Is COVID-19 misinformation spread by one political affiliation more than others? Misinformation – whether scientific, historical or on social topics – has devastating and fatal consequences. Whether the misinformation is disseminated during a public health crisis or a war, whether it is in the United States or another nation, propaganda has long been a tool to exploit people’s motivations and trust. A deeper understanding of the spread and acceptance of misinformation will help science communicators – and possibly others – to earn the public’s trust. Only then can scientists prevent another heavily polarized public health crisis that could result in thousands more of needless deaths. By using a multidisciplinary and mixed methods approach, this research dissects the roots of misinformation and why some people are more susceptible than others. For example, some Americans find that mask mandates during the COVID-19 pandemic are against their constitutional rights to choose. Combining this with Dr. Anthony Fauci once saying that there was no reason to be wearing one, these Americans find themselves more susceptible to believing anti-mask misinformation. An analysis of 1000 tweets containing misinformation shows that proponents of then-U.S. President Donald Trump are significantly more likely to believe and therefore spread misinformation, as opposed to opponents and those without a clear political affiliation. Various topics of misinformation encountered during the data collection are researched to find their possible origins. Many, such as fake cures and anti-mask claims, are linked to comments made by President Trump and/or his most notorious allies.
  • Characterization of Hic-5 in Cancer Associated Fibroblasts: A Role in Extracellular Matrix Deposition and Remodeling

    Turner, Christopher; Goreczny, Gregory (2017)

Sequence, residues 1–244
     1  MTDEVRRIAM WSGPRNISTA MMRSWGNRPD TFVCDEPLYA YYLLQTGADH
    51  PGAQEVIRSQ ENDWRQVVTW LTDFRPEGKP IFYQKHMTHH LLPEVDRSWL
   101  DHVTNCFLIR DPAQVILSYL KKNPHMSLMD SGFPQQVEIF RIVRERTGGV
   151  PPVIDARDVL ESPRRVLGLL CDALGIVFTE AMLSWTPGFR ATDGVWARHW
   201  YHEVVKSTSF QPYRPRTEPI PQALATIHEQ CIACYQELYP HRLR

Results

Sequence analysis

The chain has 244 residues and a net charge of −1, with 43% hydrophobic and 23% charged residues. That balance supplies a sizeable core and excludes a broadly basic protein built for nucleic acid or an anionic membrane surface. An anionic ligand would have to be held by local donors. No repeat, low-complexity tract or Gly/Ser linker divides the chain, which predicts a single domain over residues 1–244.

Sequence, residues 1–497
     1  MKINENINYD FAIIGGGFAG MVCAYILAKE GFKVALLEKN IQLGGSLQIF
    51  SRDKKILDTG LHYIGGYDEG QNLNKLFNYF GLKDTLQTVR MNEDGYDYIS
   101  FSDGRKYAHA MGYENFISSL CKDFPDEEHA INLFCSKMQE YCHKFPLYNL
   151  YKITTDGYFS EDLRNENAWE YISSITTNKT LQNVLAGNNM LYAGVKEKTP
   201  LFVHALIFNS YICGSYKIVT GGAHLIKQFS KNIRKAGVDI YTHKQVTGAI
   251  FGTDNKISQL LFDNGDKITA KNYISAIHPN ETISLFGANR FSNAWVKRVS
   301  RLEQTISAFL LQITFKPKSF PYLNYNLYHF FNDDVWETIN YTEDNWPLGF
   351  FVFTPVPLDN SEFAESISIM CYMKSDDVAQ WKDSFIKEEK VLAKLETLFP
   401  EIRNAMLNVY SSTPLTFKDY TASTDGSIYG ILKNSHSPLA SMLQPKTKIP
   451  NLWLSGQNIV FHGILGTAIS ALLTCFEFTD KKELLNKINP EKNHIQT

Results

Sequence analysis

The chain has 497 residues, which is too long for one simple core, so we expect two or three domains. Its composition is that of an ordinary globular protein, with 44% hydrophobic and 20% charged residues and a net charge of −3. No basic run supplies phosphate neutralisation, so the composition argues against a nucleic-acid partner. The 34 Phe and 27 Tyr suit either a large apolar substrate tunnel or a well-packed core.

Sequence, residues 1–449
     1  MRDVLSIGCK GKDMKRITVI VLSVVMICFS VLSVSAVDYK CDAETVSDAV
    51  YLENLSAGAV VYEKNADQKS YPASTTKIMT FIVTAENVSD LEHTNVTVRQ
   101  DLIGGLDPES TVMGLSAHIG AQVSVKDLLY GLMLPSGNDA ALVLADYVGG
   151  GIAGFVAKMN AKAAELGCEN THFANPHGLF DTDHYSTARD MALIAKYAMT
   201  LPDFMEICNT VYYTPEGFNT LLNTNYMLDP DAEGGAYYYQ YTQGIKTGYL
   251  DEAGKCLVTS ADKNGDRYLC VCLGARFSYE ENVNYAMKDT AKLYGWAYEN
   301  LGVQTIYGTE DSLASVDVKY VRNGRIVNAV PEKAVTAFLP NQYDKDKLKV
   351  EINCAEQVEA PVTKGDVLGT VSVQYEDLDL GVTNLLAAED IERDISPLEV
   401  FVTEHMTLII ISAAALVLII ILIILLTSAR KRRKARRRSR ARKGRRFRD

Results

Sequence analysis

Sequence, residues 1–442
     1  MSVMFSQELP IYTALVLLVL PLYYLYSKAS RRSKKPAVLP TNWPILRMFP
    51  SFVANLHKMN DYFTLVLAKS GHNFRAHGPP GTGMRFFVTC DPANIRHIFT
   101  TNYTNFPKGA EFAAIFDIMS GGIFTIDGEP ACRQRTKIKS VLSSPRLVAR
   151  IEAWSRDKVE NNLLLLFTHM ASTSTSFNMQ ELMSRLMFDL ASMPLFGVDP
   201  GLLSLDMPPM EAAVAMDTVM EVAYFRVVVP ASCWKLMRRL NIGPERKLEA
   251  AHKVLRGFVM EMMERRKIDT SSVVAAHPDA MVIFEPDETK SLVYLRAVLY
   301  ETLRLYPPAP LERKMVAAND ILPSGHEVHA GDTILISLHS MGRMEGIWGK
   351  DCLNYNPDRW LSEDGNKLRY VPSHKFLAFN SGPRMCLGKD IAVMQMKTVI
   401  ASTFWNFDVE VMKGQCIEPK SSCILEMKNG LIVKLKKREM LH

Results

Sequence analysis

Hic-5 (TGFβ1i1) is a focal adhesion scaffold protein that has previously been implicated in many cancer-related processes. However, the contribution of Hic-5 during tumor progression has never been evaluated, in vivo. In Chapter 2 of this thesis, I crossed our Hic-5 knockout mouse with the MMTV-PyMT breast tumor mouse model to assess the role of Hic-5 in breast tumorigenesis. Tumors from the Hic-5 -/-;PyMT mouse exhibited an increased latency and reduced tumor growth. Immunohistochemical analysis of the Hic-5 -/-;PyMT tumors revealed that the tumor cells were less proliferative. However isolated tumor cells exhibit no difference in growth rate. Surprisingly, Hic-5 expression was restricted to the tumor stroma. Further analysis showed that Hic-5 regulates Cancer Associated Fibroblast (CAF) contractility and differentiation which resulted in a reduced ability to deposit and reorganize the extracellular matrix (ECM) in two-and three-dimensions. Furthermore, Hic-5 dependent ECM remodeling supported the ability of tumor cells to metastasize and colonize the lungs.The molecular mechanisms by which CAFs mediate ECM remodeling remains incompletely understood. In Chapter 3 of this thesis, I show that Hic-5 is required to generate fibrillar adhesions, which are specialized structures that are critical for the assembly of fibronectin fibers. Hic-5 was found to promote fibrillar adhesion formation through a newly characterized interaction with tensin1, a scaffold protein that binds to β1 integrin and actin. Furthermore, this interaction was mediated by Src-dependent phosphorylation of Hic-5 in two and three-dimensional matrix environments to prevent β1 integrin internalization and subsequent degradation in the lysosome. This work highlights the importance of the focal adhesion protein, Hic-5 during breast tumorigenesis and provides insight into the molecular machinery driving CAF-mediated ECM remodeling.